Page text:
There’s something seemingly inexhaustible about this (essentially final) film by Orson Welles, an essay film in the form of a documentary about fakery whose on-screen title is “?” and has Welles basically wonder aloud for 90 minutes what exactly defines art. In this sense, it’s his film about his own creative practice, which by this point in his career was largely smoke and mirrors anyway, given how few projects he managed to see to completion. Welles appears as the narrator, wandering around these various European locales in his heavy black cape, posing questions and telling tall tales, which even in the hour of film he claims is true, probably aren’t, or at least touch on people whose work has been all about elaborately lying. And then there are minutes-long stretches of the film where he just has guys staring at the semi-clothed body of his partner and muse Oja Kodar, which I suppose implicates the audiences’ desires somewhat in the production of these fictions, although she too is intriguingly a fiction of sorts (using a name Welles gave her). It’s all very clever, and I don’t doubt the care taken in its composition, but it also feels very spontaneous and even a little bit like something tossed off quickly, such that perhaps it’s impossible to know where the boundaries between truth and fiction lie, and whether they even really matter when it comes to art.
- Probably the most interesting of the extras on the disc is the feature-length documentary co-directed by Welles’s former partner Oja Kodar, Orson Welles: The One-Man Band (1995), in which all the unfinished projects he was working on are presented as part of a wander through his life, as related by Kodar herself (and a German narrator). At least one of the projects covered in this documentary may have actually reached fruition in the 25 years since it was made — The Other Side of the Wind (finally completed and released last year) — but this assemblage of bits of Orson Welles’s unfinished projects still has a lot to fascinate. Kodar is seen reflecting a bit on their time together in some of the linking footage between the scraps of Welles’ own filmmaking, though more amusing is the footage of an onstage masterclass Welles seems to be leading, as he takes questions from the audience. The film footage itself runs the gamut from lost Shakespeare adaptations (him doing Shylock in a TV version of The Merchant of Venice) to a weird London-set comedy thing where Welles is the one-man street performer of the title (along with a guy getting fitted for a suit, and a cheerful copper), to his film of The Deep, an ill-advised Chinese character for… something, a cherished adaptation of Don Quixote, and then there are just the bits of him reciting random chapters from Moby Dick. All are infused with Welles’s own sense of impish delight at the pleasure of acting: for all his directing talent, he remained an exuberant performer above all else and that much is showcased here.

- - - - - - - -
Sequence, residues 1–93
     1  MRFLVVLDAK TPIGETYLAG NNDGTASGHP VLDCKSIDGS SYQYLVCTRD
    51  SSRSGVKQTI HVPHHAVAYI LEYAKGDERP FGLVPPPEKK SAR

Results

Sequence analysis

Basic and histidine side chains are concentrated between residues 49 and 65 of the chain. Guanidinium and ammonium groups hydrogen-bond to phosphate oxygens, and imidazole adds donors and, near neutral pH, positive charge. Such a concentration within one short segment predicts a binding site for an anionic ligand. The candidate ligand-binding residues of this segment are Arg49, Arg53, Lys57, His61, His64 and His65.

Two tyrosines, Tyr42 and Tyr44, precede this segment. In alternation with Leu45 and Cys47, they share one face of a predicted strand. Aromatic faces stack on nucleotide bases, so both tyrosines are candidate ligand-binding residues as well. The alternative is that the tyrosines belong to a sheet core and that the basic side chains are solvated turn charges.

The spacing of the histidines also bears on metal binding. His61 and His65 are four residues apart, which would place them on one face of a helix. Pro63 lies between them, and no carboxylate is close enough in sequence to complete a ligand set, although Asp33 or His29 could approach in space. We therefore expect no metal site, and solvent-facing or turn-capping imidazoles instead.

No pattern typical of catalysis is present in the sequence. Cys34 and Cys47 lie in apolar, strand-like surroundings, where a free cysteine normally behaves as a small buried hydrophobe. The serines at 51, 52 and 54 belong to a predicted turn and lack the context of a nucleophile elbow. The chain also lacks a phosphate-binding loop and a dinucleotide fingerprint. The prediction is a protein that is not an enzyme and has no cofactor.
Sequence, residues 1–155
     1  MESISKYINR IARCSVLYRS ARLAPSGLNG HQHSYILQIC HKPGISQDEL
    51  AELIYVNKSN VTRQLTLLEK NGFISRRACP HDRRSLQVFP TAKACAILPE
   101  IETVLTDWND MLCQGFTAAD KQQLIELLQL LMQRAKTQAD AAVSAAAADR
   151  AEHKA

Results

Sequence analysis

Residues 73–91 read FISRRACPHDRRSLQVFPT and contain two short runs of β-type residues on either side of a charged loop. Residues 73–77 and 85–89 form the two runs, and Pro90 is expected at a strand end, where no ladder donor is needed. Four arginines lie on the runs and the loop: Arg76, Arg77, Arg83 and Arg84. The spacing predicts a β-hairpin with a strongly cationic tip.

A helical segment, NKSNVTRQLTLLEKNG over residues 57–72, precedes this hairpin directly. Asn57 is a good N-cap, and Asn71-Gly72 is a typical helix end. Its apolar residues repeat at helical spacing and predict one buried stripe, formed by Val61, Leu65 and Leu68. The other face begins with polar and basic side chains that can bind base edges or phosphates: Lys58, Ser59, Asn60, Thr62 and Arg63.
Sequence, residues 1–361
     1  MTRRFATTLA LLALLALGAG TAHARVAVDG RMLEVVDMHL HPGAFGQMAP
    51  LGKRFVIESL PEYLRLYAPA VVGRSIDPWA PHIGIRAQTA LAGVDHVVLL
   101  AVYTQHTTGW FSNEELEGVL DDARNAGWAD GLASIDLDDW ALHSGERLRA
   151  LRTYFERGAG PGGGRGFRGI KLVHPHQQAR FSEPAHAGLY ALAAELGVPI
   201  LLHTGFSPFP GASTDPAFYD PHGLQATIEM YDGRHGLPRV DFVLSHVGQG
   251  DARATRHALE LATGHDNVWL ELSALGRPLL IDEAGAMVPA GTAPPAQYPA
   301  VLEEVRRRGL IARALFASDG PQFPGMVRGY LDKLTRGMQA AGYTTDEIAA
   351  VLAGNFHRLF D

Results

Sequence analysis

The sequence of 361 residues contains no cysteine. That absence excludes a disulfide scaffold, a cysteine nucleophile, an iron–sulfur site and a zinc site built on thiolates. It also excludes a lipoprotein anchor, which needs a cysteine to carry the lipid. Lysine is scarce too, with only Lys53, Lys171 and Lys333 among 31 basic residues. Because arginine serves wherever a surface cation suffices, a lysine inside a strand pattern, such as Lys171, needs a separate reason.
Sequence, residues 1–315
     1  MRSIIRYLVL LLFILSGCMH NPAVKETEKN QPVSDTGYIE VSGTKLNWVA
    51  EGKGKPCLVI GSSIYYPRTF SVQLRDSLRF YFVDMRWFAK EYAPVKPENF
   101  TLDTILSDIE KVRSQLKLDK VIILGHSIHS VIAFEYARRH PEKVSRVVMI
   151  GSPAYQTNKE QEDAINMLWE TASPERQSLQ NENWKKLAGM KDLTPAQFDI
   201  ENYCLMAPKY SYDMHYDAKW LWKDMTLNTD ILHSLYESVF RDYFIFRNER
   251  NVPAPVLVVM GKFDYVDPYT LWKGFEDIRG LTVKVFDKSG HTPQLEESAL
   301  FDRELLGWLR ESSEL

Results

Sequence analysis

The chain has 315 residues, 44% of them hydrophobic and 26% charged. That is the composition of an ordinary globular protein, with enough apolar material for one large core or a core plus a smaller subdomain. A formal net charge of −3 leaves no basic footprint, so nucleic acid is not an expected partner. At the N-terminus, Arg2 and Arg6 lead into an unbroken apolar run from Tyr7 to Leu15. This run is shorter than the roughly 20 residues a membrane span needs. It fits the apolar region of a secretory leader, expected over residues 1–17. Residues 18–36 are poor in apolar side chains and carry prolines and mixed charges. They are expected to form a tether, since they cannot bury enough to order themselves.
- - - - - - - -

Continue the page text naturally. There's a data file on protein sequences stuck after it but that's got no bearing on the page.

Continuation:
- The nine-minute trailer (presented here in a black-and-white version) is essentially a separate short film that Welles made to support the American release of the film in 1976. (Incidentally, the film’s year of production varies somewhat, as it’s listed as 1975 on this disc, which is the year it premiered at the NY Film Festival, but it had been screened earlier in 1973 and 1974 at other European festivals, and is given as 1973 in most places.)
- Peter Bogdanovich provides a filmed introduction, as he does for a number of Welles projects, and speaks a little about the background to the production and some of the trickery that Welles gets up to in the film.
- Welles is interviewed by Tom Snyder in 1975 for his TV show Tomorrow, in which Snyder proves himself to be a fairly good interviewer, clutching a cigarette as seems to have been the way back then, and occasionally throwing out rather oddball questions, presumably designed to elicit something from Welles. Still, it nicely covers a lot of his more recent work and Welles remains as always an engaging presence.
- One of the participants in F for Fake, journalist Clifford Irving, is interviewed by 60 Minutes in 2000, revisiting an earlier story about his Howard Hawks biography hoax, in which Irving fully admits to his fakery and talks about how it came about. There’s also an audio recording from 1972 of Howard Hughes speaking by phone to reporters, a fascinating part of the Hughes mythos if you are into that kind of thing, though he just seems like a slightly befuddled older man (and nowhere near as bonkers as half the things regularly said by the current US President).
FILM REVIEW: Criterion Collection
Director Orson Welles; Writers Welles and Oja Kodar; Cinematographers François Reichenbach and Gary Graver; Starring Orson Welles, Oja Kodar; Length 88 minutes.
Seen at home (Blu-ray), London, Sunday 26 January 2020 (and originally on VHS at home, Wellington, November 1999).
I’m doing a week theme around Polish films, as today sees the UK cinematic release of Agnieszka Holland’s latest film Mr. Jones. It’s an English-language co-production, and so is today’s film, which I’m including for that tenuous reason. One of the co-producing companies is from Poland and Agata Buzek co-stars, but aside from that there’s not much particularly Polish in it, although there’s something about the film’s very weirdness that puts it up alongside Has or Żuławski or other out-there auteurs.